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Exclusive: Deepak Chopra On Elon Musk's Staffing Cuts At Twitter: "Maybe For Every 1,000 People, You Only Need A 100" Chopra's thoughts on Musk's current leadership of Twitter tie into what he believes to have been the most important lesson he learnt through the course of his own career.

By Aby Sam Thomas

You're reading Entrepreneur Middle East, an international franchise of Entrepreneur Media.

Kathy Hutchins / and
Elon Musk and Deepak Chopra

Since his takeover of Twitter in late October this year, Elon Musk has laid off nearly 50% of the workforce of the social media company, while also accepting resignations from more than 1,200 employees- at the time of writing this piece, these developments have brought down the headcount at the company from 7,500 to 2,750.

Many have not reacted well to Musk's role in causing this mass exodus of Twitter staff, and their misgivings about the entrepreneur have only been exacerbated with the erratic, chaos-loving persona that he seems to have taken on during this tumultuous period.

Like many of us, Deepak Chopra -the globally renowned author who is the founder of The Chopra Foundation- has been keeping tabs on Musk's antics at Twitter, and he too has his two cents about the whole situation- which he shared with Entrepreneur Middle East during an interview amid his visit to the UAE in November.

"I look at what Elon Musk is doing right now, and there are two ways to interpret it," Chopra said. "One, he's crazy, he's full of himself, so anything he does brings attention to him, which means he's insecure, notwithstanding his success."

"There's another way to interpret it, and that is [that] maybe he's right in what he's doing," Chopra continued. "Many organizations have too many employees, and we learned that in the [COVID-19] pandemic. I think he may be right- maybe, for every 1,000 people, you only need a 100, and it gets more efficient."

"So, the jury is out- we can't get into his mind, [to find out] why he's doing what he's doing. But, maybe, he's actually revisiting how companies should be run, in which case, all success to him. But if he's doing it just to get attention, you know, they say, karma never forgets an address," Chopra smiled.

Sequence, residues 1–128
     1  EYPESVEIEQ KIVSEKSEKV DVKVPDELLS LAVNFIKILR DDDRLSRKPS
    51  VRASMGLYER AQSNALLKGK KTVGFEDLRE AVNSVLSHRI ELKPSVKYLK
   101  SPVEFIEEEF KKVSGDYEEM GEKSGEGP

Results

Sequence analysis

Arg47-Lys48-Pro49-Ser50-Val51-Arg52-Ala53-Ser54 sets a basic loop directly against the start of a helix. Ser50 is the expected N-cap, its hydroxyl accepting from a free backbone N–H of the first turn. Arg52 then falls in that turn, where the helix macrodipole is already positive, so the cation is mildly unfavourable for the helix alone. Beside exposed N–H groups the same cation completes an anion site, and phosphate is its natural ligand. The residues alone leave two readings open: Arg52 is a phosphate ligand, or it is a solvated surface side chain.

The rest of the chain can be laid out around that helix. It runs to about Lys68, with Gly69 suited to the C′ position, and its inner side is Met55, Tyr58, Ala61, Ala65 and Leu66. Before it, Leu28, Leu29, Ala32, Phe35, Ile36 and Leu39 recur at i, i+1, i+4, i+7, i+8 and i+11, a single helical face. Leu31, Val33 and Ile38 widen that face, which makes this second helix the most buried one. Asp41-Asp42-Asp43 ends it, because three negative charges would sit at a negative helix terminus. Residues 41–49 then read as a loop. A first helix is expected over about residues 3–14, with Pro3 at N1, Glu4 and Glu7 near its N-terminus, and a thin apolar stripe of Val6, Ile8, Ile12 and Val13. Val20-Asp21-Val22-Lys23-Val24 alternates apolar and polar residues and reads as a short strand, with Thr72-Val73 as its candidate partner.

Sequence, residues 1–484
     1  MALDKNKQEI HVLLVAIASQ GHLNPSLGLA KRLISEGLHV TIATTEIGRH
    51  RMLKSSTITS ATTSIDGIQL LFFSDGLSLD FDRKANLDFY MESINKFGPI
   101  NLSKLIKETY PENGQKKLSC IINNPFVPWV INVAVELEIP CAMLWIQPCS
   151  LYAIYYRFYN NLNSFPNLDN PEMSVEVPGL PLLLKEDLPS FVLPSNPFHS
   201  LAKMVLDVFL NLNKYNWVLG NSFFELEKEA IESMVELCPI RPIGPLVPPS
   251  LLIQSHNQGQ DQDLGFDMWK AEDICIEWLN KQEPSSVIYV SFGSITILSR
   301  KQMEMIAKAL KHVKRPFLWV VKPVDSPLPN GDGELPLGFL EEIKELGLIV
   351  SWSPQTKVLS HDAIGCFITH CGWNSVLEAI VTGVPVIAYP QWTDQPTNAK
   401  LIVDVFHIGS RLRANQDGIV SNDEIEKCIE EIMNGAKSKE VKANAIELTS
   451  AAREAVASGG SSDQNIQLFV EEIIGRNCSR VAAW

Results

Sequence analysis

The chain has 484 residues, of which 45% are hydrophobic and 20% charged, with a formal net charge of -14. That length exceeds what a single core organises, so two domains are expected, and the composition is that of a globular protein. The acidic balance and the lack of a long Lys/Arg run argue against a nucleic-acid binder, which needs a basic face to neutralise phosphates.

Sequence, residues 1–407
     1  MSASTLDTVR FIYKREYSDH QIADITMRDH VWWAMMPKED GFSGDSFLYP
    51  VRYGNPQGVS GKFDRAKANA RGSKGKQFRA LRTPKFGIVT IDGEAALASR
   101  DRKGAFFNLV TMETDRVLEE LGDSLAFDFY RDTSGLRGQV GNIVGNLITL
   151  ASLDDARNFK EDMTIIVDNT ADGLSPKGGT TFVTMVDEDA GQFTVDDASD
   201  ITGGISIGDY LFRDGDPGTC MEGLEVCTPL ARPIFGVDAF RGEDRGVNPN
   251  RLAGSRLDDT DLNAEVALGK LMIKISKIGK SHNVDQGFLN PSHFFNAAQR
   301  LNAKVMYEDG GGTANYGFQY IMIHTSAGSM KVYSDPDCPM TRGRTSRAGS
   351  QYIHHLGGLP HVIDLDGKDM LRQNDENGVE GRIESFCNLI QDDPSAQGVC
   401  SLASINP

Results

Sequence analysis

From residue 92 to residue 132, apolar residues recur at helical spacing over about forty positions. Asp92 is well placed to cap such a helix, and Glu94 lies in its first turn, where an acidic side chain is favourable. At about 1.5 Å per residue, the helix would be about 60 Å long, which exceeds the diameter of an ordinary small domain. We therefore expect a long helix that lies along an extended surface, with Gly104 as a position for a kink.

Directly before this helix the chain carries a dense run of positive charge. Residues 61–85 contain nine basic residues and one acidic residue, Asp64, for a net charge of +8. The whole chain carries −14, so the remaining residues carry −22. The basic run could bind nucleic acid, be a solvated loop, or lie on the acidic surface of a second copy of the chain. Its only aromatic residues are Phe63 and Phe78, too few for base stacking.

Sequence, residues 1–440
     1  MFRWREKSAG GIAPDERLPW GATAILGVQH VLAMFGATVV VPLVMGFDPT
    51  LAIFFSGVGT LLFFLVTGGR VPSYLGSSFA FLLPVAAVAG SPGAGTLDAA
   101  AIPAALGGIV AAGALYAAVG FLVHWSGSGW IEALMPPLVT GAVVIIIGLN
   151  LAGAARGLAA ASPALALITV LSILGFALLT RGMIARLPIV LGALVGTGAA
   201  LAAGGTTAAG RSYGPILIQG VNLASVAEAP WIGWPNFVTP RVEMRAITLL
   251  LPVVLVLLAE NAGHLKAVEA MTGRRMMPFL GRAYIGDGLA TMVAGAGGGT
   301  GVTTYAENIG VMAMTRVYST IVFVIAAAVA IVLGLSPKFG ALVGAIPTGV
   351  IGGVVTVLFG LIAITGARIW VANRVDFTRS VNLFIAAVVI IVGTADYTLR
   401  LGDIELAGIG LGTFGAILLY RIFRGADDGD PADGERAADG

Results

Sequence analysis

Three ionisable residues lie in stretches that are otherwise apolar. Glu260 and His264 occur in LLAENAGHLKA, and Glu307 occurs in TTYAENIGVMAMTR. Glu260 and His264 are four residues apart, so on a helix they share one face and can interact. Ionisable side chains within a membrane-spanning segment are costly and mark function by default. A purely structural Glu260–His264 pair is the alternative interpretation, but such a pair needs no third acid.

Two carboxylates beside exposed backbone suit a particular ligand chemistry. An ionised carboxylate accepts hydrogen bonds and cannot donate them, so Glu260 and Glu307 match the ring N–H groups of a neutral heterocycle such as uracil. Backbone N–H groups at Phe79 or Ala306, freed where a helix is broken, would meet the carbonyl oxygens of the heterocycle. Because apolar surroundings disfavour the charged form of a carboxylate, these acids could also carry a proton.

Chopra's thoughts on Musk's current leadership of Twitter tie into what he believes to have been the most important lesson he learnt through the course of his own career.

"The biggest insight is that if you want to be successful, you have to be immune to criticism, but, at the same time, responsive to feedback, which [are] two different things," Chopra said. "When you are not immune to criticism, you take it personally, [and] you will be offended for the rest of your life, and that will interfere with anything you want to do. At the same time, it is important to be responsive to feedback, because, sometimes, the critics are right, as long as you're not offended. The rest is easy- be fearless, and be beneath no one."

Chopra added that when facing criticism, it'd serve one well if they are clear about their reasons for whatever it is that they have set out to do.

"You should ask yourself why you are doing what you are doing," Chopra said. "If the motivation is self-importance, then that's self-pity in disguise. If the motivation is creativity, then, if you hold on to your vision, maybe you will succeed, notwithstanding the critics."

Related: Infinite Possibilities: Deepak Chopra, Founder, The Chopra Foundation

Aby Sam Thomas

Entrepreneur Staff

Managing Editor, Entrepreneur Middle East

Aby Sam Thomas is the Editor in Chief of Entrepreneur Middle East. In this role, Aby is responsible for leading the publication on its editorial front, while also working to build the brand and grow its presence across the MENA region through the development and execution of events and other programming, as well as through representation in conferences, media, etc.

Aby has been working in journalism since 2011, prior to which he was an analyst programmer with Accenture, where he worked with J. P. Morgan Chase's investment banking arm at offices in Mumbai, London, and New York. He holds a Master's Degree in Journalism from the Columbia University Graduate School of Journalism in New York.  

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